Briefly, Profit = Business revenu - Cost. To maximize profits, you increase business revenue or reduce costs. 

 

If an airport is using physical paper tags for check-in systems, there is a huge direct and indirect cost associated with buying tags and indirect costs in disposing off the tags apart from huge carbon and water footprint associated with paper tags.

 

If airports use face recognition systems instead of using paper tags all these direct and indirect costs are eliminated. However, the airport will have to incur costs and maintenance of face recognition system, which may reduce operational costs. Bangalore airport is already doing this.

 

If a pipe needs to traverse across a river, you may have to build a bridge with all its apputenace and maintenance access through the bridge. An engineer can reduce the cost of the bridge by choosing structural system like an Arch structure to reduce the cost instead of conventional beam-slab type of bridge. If, instead, the same pipe can be shaped in an Arch form to span across the river, cost of bridge is eliminated. 

 

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  Cost avoidance includes steps which are taken which will help reducing the cost that will be incurred by an organization in future. Cost avoidance aims at having a minimal increase in cost but reducing future cost.

 

Examples of Cost Avoidance :- 

 

1. Making changes in the machinery which might increase the cost initially but will bring down cost of production in future

 

2. Setting up a new Quality department in a leather industry which can help in reducing the losses incurred due to the cargo being rejected due to Quality reasons.

 

3.Investment by a company in lean training which will help in cost reduction in the long run as there will be individual who will look for waste reduction in each of there departments post completion of the training

 

4. Installing a Smoke detector in a factory set up which can help in averting a major catastrophe

 

5. Bio Metric system for 10,000 strong Steel company so that tracking of attendance and man hours becomes easy. This will help in better planning and will save a lot of time and cost if this was done manually

 

6.Using Cisco systems for meeting across globe which helps to reduce cost if the same meeting was held with each member being physically present.

 

7. A software company doing testing for an application before it is released .This avoids any cost in future if there is some bug not identified at the onset. The same can lead to customer dissatisfaction & losses for the organization

 

8. A mobile manufacturer does a product testing of its new smartphone before it is launched. This allows them to fix any issues before the customer buys the product. If this is not done and there is a customer complaint then the result can lead a company losing its market share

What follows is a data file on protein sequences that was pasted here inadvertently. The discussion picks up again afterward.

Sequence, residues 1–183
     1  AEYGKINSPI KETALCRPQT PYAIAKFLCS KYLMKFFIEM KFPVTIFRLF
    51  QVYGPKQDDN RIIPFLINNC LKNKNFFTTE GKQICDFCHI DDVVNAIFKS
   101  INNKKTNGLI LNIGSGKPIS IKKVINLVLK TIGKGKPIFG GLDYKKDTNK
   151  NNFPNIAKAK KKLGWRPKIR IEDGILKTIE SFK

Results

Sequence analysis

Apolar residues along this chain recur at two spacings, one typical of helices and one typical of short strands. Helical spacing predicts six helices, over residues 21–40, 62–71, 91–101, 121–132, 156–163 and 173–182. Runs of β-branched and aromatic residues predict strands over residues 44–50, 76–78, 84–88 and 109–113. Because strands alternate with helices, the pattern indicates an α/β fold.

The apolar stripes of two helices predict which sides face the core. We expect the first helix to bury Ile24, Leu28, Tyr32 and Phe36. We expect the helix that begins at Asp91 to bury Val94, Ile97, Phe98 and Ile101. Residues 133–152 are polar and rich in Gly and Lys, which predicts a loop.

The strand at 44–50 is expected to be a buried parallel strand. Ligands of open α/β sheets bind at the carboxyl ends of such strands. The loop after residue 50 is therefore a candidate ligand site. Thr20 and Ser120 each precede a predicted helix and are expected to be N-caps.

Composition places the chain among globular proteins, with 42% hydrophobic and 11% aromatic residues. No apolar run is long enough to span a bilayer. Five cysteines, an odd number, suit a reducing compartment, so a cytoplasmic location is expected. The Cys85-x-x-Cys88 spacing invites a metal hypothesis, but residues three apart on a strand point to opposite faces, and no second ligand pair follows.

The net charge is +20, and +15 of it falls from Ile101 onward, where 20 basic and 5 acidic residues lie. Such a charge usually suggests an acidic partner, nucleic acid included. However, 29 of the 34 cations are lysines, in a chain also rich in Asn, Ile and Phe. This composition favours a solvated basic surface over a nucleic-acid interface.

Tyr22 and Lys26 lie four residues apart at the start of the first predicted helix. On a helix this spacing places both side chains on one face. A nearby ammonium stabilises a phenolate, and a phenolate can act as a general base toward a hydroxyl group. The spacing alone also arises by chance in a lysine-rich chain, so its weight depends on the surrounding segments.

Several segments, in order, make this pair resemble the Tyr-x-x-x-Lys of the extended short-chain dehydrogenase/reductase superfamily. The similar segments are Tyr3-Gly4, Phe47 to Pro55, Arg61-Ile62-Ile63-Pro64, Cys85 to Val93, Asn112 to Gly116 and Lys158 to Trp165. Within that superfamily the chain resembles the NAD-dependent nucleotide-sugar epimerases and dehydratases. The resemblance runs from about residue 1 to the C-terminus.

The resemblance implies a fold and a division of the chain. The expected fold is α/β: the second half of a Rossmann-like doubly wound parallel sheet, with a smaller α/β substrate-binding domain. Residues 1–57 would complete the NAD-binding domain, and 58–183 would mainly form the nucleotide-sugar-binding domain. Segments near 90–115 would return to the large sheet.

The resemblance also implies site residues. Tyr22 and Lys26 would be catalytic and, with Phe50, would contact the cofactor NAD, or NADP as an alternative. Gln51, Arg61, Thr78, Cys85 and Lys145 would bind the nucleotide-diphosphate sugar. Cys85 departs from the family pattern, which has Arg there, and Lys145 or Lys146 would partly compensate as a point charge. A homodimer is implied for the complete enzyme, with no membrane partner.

Cost avoidance is never reflected in the budget or in the Financial statements.

 

Cost Savings :- 

 

Cost Saving is also known as either a Hard or a Soft Saving. This deals with any actions that lower debt levels,current spedings or investments. The Financial statement and budget reflects the cost savings and are extremely beneficial with regards to the financial health of a process.

 

Examples of Cost Savings - 

 

1.Price Negotiation - A company might be using a vendor and there can be bulk purchase. This results in a price negotiation and the vendor lowers the prices which leads to cost savings 

 

2.New Contract & Contract Renewal - This can be great scope for cost savings

 

3.Partnerships - A company chooses to partner with Cloud Computing company which will help in cost reduction by reducing the infrastructure cost in future

 

4.Outsourcing Call center division of a insurance company which will help in reducing operation cost and hence this will help in reducing overall cost for the organization 

 

5.Lowering marketing cost by using digital advertisement instead of going to a marketing firm. This will help in reducing cost and is an example of cost saving

 

Cost Saving is calculated in %. The same is calculated by

Original Cost - New Cost = Price difference , Price difference /Original Cost *100 = Cost Saving 

 

 

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Cost avoidance measures are action taken to avoid having to incur costs in the future. The benefits from cost avoidance can not be shown on financial statements and cannot be reflected in the budget. They are more difficult to estimate.

EXAMPLE

In a manufacturing setup, management may decide to reduce spending on preventive maintenance activities because the current frequency does not appear justifiable. Some parts may have been scheduled to be changed 6 times a year, perhaps from manufacturers’ recommendations or as outcomes from previous improvement projects. This high frequency maintenance activities might be resulting in huge repairs an maintenance expenditures for the firm. Reducing the frequency will be a cost reduction measure. This will be refelected in the operation expenses portion of the financial statement.

On the other hand, after some time, it might be discovered in the same company the unplanned downtime has increased in the factory and requires urgent and drastic action. Preventive maintenance activities might need to be reviewed again. This time around, maintenance expenditure will be increased to avoid the higher cost that will be incurred because of the high unplanned breakdowns. The financial benefit due to decrease in unplanned downtime will be cost avoidance.

Further examples of cost reduction

Ø  Reduction of overtime hours

Ø  Reduction of manpower

Ø  Negotiation of lower rental costs for equipment

Further examples of cost avoidance

Ø  Reduction of proposed price increase of a raw material

Ø  Negotiating long term contracts with price protection provisions

Ø  Negotiating additional services from service suppliers at no extra cost

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Glory has provided the best answer to this question by explaining both the terms and by providing multiple examples for both. All other answers are worth a read for the brilliant examples quoted. 

 

Also review the answer provided by Mr Venugopal R, Benchmark Six Sigma's in-house expert.